Elon Musk
Elon Musk has hinted at the arrival of Gmail rival called XMail. Wikimedia Commons

Following a recent hoax claiming Gmail is shutting down, Elon Musk announced that his social media platform, X, is developing an alternative email service called Xmail. Some users, citing concerns about trust in Google's services, have expressed interest in switching to XMail.

During an exchange on his social media platform X (formerly Twitter), Musk hinted at the impending arrival of XMail. Regrettably, the billionaire did not divulge other key details about the service.

Amid the lack of an official confirmation, some reports suggest XMail will probably be integrated into the X app. The news was revealed when Nathan McGrady, an X engineer, inquired on the platform about XMail's launch date. Musk responded by simply saying, "It's coming".

Musk has a reputation for making ambitious pronouncements that haven't always materialised. For instance, he warned of potential bankruptcy for Tesla rivals Rivian and Lucid citing their substantial spending in June 2022. So, readers may choose to approach this news with cautious optimism.

Email wars: X enters the email fray

Also, even if XMail launches successfully, the service will face an uphill battle against Gmail, which is considered to be the world's most dominant email service. It supports over a hundred languages and accounted for 36.5% of email opens globally in 2021, according to data shared by Statista. As of 2024, data shared by Demand Sage shows that Gmail has more than 1.8 billion active users.

It has been suggested that X's version of Gmail could potentially be developed. However, the level of user adoption remains to be seen. Musk has been implementing significant changes on X after acquiring the platform, but public opinion has not necessarily been favourable. Therefore, it remains unclear whether users will trust X with their email management.

Moreover, using "X" as an email address raises concerns although the letter itself isn't inherently problematic. Still, some users are likely to associate it with sexually suggestive content. This association might prevent some users from adopting an email address containing "X" and ditching an email service they know, trust and have used for years.

Musk is known for actively promoting products and services from his various companies. The billionaire also doesn't shy away from leveraging moments of public interest surrounding competitor products to raise the profile of his own offerings.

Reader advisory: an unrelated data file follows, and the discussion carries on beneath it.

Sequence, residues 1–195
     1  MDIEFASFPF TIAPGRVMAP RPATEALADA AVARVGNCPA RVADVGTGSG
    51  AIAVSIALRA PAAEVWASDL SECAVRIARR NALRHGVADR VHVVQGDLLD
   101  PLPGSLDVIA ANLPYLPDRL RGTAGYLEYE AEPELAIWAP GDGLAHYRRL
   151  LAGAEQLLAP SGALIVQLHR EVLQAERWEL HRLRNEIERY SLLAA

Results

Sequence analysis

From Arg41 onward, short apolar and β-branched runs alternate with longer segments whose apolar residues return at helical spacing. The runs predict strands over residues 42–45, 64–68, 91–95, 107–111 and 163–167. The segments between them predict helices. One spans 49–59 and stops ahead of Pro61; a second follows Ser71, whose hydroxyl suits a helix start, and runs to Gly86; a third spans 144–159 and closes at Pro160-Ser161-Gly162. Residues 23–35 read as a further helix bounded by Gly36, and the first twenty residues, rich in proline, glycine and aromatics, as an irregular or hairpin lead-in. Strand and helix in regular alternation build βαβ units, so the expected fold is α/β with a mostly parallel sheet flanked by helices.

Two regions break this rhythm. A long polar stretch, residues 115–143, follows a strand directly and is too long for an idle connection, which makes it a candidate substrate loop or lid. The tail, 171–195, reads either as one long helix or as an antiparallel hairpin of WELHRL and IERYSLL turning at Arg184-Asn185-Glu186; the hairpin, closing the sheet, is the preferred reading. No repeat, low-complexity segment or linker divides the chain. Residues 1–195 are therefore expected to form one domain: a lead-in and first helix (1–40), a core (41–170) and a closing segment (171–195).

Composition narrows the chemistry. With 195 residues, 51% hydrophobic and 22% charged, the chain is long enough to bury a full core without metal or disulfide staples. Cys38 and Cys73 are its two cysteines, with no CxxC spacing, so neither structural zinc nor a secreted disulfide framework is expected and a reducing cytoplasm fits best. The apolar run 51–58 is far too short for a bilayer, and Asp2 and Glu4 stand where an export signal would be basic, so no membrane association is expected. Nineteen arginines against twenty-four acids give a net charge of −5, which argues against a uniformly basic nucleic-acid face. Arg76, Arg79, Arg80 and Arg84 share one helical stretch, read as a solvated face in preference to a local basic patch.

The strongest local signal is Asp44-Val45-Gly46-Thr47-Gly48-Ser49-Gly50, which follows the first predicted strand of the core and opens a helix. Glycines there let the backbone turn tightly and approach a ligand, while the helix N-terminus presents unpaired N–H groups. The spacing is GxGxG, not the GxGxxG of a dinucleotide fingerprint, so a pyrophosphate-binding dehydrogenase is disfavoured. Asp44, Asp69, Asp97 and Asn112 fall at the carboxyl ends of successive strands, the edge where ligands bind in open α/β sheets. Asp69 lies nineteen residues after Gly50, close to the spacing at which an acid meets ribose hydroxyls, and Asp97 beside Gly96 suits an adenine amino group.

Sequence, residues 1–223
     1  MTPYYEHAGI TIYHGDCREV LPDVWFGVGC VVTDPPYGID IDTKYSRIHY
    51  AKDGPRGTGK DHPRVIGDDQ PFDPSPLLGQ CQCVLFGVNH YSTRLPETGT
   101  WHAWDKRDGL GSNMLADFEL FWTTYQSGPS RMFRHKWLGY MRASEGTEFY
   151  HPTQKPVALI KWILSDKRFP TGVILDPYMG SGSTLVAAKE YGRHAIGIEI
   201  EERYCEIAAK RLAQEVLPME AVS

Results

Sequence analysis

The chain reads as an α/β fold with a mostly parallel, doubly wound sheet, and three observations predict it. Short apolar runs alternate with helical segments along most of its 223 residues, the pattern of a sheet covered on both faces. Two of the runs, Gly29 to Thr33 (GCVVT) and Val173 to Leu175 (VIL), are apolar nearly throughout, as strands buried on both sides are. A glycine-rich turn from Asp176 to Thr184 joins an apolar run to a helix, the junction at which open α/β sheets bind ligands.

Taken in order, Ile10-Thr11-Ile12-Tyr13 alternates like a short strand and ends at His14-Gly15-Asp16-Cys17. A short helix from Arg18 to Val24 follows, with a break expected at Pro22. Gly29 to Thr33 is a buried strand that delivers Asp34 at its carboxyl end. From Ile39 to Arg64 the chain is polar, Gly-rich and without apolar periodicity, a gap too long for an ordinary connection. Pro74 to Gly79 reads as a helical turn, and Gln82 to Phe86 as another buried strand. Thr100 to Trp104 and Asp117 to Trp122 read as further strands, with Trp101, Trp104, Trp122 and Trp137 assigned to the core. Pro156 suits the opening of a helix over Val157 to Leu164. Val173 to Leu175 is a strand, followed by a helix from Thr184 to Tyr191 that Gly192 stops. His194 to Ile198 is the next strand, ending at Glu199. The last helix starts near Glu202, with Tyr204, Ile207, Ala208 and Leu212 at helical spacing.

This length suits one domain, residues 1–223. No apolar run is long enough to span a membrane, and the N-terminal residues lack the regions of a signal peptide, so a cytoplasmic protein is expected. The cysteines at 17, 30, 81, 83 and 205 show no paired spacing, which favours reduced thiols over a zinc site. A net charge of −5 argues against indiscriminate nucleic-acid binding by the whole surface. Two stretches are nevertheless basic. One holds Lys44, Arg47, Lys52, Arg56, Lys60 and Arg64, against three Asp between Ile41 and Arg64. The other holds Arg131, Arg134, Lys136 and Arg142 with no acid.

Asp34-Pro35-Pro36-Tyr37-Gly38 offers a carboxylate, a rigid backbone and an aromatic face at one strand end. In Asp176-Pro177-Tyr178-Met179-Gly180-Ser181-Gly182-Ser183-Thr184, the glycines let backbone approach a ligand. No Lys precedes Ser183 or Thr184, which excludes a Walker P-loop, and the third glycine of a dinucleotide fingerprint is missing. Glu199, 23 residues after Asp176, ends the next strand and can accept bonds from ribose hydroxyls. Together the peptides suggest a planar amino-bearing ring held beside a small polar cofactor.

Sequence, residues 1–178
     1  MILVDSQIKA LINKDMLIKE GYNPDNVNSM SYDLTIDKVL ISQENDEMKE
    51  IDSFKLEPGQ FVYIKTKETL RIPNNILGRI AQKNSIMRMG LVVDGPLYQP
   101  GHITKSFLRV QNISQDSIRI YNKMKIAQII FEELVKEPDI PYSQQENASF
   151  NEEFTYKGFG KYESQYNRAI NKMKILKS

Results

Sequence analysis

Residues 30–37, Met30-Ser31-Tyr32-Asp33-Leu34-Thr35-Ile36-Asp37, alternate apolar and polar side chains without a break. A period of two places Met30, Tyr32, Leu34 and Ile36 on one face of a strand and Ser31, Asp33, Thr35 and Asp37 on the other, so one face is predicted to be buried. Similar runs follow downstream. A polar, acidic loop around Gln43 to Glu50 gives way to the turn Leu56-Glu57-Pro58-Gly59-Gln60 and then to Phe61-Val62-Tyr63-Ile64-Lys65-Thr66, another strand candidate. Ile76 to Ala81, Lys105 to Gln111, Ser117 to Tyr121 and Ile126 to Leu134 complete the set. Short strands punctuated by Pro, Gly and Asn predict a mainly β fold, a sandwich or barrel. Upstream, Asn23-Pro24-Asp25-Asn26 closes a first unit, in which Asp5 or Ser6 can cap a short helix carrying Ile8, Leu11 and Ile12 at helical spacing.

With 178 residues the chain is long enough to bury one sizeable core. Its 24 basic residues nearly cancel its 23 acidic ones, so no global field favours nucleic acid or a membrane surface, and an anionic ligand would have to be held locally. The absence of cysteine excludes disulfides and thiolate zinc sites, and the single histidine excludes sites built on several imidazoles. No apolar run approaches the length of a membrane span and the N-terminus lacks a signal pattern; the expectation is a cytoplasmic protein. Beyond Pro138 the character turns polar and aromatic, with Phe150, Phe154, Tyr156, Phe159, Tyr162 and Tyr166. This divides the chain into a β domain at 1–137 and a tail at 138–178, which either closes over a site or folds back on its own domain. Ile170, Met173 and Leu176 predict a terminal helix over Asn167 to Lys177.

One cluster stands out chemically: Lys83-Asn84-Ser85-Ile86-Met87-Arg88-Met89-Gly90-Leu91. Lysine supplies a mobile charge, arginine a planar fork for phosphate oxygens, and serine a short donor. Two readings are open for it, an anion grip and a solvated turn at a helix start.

The 52-year-old business magnate has previously spoken about his long-term vision for his social media platform X, aiming to transform it into an "everything app" that boasts an impressive array of services and features.

The everything app is expected to incorporate parts or all of X (Twitter) and offer online services and utilities such as ridesharing and food deliveries. If Musk's post is to be believed, it will also integrate email services.

Is Gmail really shutting down?

For example, he promoted his AI startup xAI's chatbot Grok during a period of high public interest concerning Google's Gemini AI. Similarly, The news about XMail's arrival coincides with recent false claims suggesting Google is shutting down its email service, Gmail.

The word on the street is that XMail might be developed by xAI Musk's AI company established in March 2023. As the name suggests, the startup focuses on the field of artificial intelligence.

In November, the company's first product, a "sarcastic" chatbot called Grok was unveiled. In an X post, Musk noted that the "Grok system is designed to have a little humor in its responses". This AI-powered chatbot is capable of answering "spicy questions" that are often rejected by other "woke" AI systems, such as ChatGPT.

Rumours recently circulated online indicating Google would shut down Gmail in August 2024. However, the search giant debunked this speculation, which stemmed from a fabricated email image purporting to be from Google.

Unsurprisingly, the email turned out to be fake and Google has confirmed that "Gmail is here to stay". The American tech giant is reportedly gearing up to shut down the basic HTML view this year and switch users to the service's "Standard" view.